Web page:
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oreae (= aureae). Just so what he quotes from the Haupt 
glosses (No. 496) : face ' clastna ' is Latin ; clasma pace will have 
been the true reading, as is evident from Corpus Gloss, (ed. 
Hessels), C 460 clasma pax turba; Mone 409, 92 clasina (= 
clasma) pace mal; W.-W. 504, 27 clasma mal; W.-W. 376, 31 
clasma clam oftfte wed oftfte waera. What the same Hall takes 
from W.-W. 515, 39 wefaesten 'castle' is in reality swa swe 
faesten, as is evident from the lemma quasi arx. 

Otto B. Schlutter. 

Boue, Barboter, Barbotjiller. 

The derivation of these French words is still an open question, 
and the explanations thus far suggested are far from being satis- 
factory. It is intended to show here that a plausible solution 
may be found by determining a common etymology for these 
three words, and showing how, through regular phonetic process, 
they were evolved from the same root. 

No reasonable etymon has yet been indicated for boue. Dar- 
mesteter (Diet. Univ.) declares its etymology to be unknown; 
Cohn does not mention the word ; Korting, after Diez, proposes 
the Kymric root baw, but such a form could only give an o in 
French. The Old French forms of the word are boe, later boue 
and also broue — the last, however, must not be allowed to com- 
plicate the question. It sprang up under the influence of brotiet, 
that goes back to a Low Latin brodum or brodium (It. brodo, 
broda, brodetto), the meaning of the word being 'thick soup of a 
darkish color.' The cause of the contamination is therefore 

Boue, I believe, originates from a Low Latin form bota. The 
word is found in Ducange as botta ; but since the law in French is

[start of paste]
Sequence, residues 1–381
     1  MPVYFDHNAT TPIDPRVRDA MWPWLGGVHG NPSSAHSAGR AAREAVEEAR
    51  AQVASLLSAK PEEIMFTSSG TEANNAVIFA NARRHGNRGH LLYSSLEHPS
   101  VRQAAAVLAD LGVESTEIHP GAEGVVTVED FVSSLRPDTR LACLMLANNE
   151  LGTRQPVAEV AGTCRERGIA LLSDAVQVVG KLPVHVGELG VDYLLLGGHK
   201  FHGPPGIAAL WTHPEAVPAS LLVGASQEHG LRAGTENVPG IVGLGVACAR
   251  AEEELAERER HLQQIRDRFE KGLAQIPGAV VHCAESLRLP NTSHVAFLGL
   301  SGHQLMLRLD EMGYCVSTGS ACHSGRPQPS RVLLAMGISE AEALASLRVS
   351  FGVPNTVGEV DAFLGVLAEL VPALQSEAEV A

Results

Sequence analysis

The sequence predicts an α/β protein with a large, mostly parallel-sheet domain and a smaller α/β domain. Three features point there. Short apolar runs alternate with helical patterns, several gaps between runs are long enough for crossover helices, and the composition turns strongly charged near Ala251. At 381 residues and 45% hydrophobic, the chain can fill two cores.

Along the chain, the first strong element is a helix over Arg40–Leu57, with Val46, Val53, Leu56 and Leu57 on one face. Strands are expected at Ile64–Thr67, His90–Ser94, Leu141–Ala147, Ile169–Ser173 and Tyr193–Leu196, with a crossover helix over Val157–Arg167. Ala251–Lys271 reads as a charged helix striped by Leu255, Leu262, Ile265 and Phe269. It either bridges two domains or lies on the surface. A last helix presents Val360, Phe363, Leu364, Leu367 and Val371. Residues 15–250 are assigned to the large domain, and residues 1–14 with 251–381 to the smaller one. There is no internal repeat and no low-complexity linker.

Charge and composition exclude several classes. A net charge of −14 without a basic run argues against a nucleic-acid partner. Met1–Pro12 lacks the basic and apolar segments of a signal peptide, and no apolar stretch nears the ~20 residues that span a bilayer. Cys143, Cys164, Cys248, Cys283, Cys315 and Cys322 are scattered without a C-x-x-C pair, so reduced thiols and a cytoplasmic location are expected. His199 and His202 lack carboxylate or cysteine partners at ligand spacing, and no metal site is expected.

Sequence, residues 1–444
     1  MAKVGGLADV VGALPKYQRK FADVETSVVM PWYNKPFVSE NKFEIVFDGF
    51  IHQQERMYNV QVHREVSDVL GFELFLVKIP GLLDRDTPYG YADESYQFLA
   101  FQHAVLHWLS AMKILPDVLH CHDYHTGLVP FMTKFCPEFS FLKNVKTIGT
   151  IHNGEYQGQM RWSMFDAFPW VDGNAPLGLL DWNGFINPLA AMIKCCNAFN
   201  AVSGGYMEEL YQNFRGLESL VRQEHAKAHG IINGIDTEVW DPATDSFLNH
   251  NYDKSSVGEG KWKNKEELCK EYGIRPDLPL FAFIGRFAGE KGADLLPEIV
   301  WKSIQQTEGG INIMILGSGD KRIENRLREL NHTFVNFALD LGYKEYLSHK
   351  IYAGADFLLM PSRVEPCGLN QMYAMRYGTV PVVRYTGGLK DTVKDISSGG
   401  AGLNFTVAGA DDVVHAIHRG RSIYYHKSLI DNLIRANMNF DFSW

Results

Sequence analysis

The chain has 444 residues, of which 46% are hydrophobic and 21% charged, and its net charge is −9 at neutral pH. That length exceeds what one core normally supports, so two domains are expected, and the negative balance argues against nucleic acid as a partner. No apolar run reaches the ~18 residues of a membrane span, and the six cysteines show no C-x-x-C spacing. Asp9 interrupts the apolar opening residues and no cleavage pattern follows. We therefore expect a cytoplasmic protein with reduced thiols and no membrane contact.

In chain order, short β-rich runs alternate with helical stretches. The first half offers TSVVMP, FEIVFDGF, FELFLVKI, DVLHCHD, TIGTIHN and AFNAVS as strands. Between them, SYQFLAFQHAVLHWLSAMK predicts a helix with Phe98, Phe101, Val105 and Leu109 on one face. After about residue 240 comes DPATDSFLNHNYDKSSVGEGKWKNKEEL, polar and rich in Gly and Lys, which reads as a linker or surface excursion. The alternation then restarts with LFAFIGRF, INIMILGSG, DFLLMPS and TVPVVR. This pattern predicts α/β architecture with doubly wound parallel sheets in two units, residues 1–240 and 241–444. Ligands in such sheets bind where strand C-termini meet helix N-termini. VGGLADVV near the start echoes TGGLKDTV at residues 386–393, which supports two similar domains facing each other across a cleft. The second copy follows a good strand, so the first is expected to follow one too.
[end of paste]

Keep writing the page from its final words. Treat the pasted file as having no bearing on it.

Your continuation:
reduction of geminated consonants, bota must also have existed. 
This etymon is also suggested by Scheler : its meaning is that of 
mare in French, 'a stagnant pond or a puddle of water.' An 
instance quoted by Ducange goes far towards showing the close 
relation existing between the meaning of this word and that of 
'mud': Liber Recognitionum servitiorum Domini: "Juxta fan- 
giam de la Botta d'Ouraux." 

The word barboter 'to splash in the water or in the mud' 
strengthens this opinion. *perboiare can be logically admitted 

NOTES. 89 

from bota (the French form being apparently irregular on account 
of the preservation of the /; but this I hope to explain satisfac- 

Bota would regularly give boe > boue, the <w-sound being 
retained for the same reason that it remains in amour, ipoux, 
avoue, etc., viz. on account of the labial consonant that precedes. 

Boue gave birth to the verb boer or bouer, and ajy was intro- 
duced for the purpose of breaking up the hiatus (cf. badare> 
baer~>bayer). As for the addition of the prefix per, there is no 
need of explanation ; and the initial p changed into b by a very 
simple assimilation — one, moreover, frequent in Low Latin (see 
Probi Appendix: opobalsamum, not ababalsatnum; plasta, not 

So the history of these forms would be the following: 

bota~> boe> boue 
*perbotare >parbouer>parbouyer> barbouyer. 

Barbouyer therefore meant 'to besmear with mud,' the literal 
meaning it has still in French; hence, 'to soil,' and also 'to speak 

Now, in regard to the orthography barbouiller instead of 
barbouyer. We must bear in mind that it may be, after all, a 
mere graphic influence exerted either by the French form bouillir 
or the Italian barbogliare. I have not met with this word in the 
oldest French texts. The earliest example quoted by Littre" is 
from Calvin, and it is very likely that already in He de France, at 
least, there was confusion between the two sounds of y and /, or 
rather that in this territory /had become y, and that we have to 
deal with another graphic representation of y. 

Coming back to barboter, we understand now why the t was 
kept, viz. to establish a distinction between two words constantly 
used in popular speech. This explanation is a plausible one and 
clears up an otherwise very much confused question of etymology. 
It recommends itself to scholars in this respect, that it finds for 
popular words a popular source without making it necessary to 
account for them by analogies drawn from the completely evolved 
forms of a kindred language— an expedient always hazardous, to 
my mind. 

Chicago, Oct. 29, 1895. R.ENE DE POYEN-BELLISLE.